6) Use "custom install" option when available, instead of letting the program install without confirmations. This should allow you to check for everything that it will install, and, often, un-checking things you don't want or need. The less exe's intall the better. Watch for modification of your search bar, home page and start list do not allow those to happen by neglect.
     
  14. Escalader

    Escalader Registered Member

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    One of the questions in post 1 was:

    ( I hate having to quote myself:oops: )

    Today I found this example of voice print privacy policy for a service coming soon for the banks here in Canada.

    So, thread readers and contributors,

    what risks do you see for yourself in this technology?

    It is on topic since the bank installs the programs and employs the algoritim(s) it is no different IMHO than using a web based AV service. The location of the server we use for these SSW doesn't matter. We the client would be using the SSW product and taking the risks inherent in it.

     
  15. dw426

    dw426 Registered Member

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    That, um, well, that's a tad "1984" to me. Without knowing how they get around such issues technically, it also seems to be extremely flawed. Why can I not just record someones voice and play it over the phone? What happens when that persons voice changes slightly due to illness ( colds, sore throats, the like)? How would background noises affect the accuracy of identification? Can noise even slightly possibly result in an incorrect read, thereby A: Blocking you out, or B: Allowing access to another account? Would it be possible to "hack" into this system and have access to hundreds if not thousands of voices and therefore accounts?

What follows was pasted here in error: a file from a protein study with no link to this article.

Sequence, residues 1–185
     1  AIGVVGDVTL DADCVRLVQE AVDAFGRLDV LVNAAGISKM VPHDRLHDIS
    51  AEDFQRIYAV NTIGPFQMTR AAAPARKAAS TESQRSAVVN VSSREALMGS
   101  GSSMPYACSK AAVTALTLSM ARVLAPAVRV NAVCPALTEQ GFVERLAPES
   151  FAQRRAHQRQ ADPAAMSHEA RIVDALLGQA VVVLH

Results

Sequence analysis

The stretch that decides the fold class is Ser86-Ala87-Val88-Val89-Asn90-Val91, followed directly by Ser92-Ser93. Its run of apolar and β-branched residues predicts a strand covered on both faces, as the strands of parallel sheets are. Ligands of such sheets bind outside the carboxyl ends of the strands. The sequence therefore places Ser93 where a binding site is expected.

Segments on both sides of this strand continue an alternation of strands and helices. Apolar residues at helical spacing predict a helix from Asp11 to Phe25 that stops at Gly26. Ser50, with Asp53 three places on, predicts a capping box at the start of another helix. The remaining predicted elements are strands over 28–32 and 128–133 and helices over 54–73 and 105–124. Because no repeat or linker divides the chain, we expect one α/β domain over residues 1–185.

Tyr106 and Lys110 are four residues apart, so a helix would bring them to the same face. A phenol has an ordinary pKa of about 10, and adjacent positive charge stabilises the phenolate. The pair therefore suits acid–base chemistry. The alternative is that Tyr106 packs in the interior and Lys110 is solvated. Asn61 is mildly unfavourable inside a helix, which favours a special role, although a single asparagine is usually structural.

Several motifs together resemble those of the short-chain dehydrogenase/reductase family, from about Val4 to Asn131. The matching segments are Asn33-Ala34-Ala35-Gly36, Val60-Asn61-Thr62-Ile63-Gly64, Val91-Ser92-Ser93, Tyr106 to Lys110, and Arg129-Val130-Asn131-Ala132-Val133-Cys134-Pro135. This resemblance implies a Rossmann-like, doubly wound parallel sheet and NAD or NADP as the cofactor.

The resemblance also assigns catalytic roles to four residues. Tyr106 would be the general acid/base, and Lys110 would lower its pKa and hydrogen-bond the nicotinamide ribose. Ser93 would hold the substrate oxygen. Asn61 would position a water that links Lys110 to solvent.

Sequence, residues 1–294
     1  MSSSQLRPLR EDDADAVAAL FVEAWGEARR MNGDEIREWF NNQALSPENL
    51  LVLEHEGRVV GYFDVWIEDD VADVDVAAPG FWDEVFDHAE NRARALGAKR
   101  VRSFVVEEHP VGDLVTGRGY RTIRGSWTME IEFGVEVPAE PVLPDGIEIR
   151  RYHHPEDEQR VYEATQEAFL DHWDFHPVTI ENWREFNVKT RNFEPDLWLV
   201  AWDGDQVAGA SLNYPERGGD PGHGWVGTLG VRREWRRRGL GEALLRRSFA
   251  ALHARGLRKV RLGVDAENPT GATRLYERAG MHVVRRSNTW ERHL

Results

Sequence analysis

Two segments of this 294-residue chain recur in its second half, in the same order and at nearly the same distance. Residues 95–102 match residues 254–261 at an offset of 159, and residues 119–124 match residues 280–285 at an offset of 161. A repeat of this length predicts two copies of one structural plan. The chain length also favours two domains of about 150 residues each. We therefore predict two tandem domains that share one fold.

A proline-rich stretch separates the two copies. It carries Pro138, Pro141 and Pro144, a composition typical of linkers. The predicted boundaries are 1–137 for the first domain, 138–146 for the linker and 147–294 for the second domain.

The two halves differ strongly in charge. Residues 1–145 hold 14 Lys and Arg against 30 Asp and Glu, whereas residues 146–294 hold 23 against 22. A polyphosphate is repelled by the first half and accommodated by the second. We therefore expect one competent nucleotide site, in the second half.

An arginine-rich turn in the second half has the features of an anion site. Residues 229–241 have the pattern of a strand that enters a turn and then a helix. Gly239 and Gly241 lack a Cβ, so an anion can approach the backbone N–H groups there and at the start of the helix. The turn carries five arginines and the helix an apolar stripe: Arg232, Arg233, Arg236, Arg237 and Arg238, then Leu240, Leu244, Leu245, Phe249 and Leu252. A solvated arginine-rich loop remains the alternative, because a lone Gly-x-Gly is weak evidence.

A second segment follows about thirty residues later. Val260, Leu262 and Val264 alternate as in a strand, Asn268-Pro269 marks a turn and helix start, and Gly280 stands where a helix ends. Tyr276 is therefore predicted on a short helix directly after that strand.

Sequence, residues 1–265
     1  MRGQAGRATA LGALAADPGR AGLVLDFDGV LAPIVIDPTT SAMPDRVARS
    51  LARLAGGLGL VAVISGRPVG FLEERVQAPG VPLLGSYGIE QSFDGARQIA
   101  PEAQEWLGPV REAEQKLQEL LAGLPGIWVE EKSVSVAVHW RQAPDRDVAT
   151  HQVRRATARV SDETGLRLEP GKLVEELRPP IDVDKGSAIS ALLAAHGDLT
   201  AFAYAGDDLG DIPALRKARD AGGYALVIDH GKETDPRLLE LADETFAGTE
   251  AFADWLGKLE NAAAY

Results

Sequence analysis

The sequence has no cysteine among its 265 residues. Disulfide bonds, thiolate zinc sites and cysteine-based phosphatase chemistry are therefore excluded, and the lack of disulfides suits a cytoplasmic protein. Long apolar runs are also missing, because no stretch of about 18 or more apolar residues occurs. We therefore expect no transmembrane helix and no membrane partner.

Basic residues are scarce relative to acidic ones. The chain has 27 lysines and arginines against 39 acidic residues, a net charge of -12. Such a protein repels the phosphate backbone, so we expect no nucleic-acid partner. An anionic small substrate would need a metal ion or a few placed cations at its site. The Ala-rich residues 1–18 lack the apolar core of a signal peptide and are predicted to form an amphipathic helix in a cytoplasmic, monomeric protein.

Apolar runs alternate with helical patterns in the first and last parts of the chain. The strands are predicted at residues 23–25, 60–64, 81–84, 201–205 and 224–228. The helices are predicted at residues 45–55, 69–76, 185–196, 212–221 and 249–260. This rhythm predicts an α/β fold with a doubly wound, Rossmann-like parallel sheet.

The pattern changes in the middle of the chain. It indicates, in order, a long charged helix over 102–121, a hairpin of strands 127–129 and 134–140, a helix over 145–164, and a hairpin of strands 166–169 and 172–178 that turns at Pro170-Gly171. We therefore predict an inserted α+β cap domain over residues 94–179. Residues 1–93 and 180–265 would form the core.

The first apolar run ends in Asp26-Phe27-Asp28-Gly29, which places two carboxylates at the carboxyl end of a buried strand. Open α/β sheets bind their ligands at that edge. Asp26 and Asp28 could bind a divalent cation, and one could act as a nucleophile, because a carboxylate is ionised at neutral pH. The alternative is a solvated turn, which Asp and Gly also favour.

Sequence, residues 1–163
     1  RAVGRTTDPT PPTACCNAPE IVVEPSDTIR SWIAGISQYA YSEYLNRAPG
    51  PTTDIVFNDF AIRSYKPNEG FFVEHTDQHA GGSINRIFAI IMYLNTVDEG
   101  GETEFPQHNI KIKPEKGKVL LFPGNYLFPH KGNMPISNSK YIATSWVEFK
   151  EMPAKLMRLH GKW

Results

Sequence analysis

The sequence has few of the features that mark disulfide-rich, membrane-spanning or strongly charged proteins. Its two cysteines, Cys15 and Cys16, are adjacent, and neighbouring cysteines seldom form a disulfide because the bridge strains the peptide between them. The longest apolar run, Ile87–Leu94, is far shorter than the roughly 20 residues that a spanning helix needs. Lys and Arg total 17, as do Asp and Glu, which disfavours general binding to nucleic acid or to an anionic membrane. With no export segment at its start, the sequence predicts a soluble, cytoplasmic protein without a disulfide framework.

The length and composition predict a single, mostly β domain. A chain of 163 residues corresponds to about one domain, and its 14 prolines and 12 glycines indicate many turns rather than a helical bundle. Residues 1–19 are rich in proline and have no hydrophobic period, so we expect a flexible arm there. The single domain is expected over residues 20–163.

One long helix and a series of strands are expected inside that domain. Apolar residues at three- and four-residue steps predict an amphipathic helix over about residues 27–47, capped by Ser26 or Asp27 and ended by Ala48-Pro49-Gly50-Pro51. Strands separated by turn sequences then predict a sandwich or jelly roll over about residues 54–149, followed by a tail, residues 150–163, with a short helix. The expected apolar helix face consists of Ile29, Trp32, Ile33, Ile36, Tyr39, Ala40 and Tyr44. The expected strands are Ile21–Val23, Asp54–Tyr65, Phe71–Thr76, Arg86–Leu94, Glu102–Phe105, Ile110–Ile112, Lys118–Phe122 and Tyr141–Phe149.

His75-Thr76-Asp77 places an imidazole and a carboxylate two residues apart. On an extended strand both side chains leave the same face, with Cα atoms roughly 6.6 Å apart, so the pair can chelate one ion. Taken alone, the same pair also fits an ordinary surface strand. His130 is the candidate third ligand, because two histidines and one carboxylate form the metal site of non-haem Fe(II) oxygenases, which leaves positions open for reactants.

Biometrics are not a sure thing, that's been proven with the manipulating of fingerprints. These things may be smart, but they are still machines, and therefore subject to failure (us being imperfect creatures and all) Nice idea they have, but a bit ahead of it's time and, again, without knowing the intricacies of it's security, not likely to be successfully implemented. Btw, what does this "secret date password" entail? Sounds like an insecure backup to a possibly insecure plan.
     
    Last edited: Jul 19, 2008
  16. Escalader

    Escalader Registered Member

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    Right! All good questions! With your permission, with out id'g you or this forum may I ask the bank these very things? If you say no that won't upset me.:cool:
     
  17. ambient_88

    ambient_88 Registered Member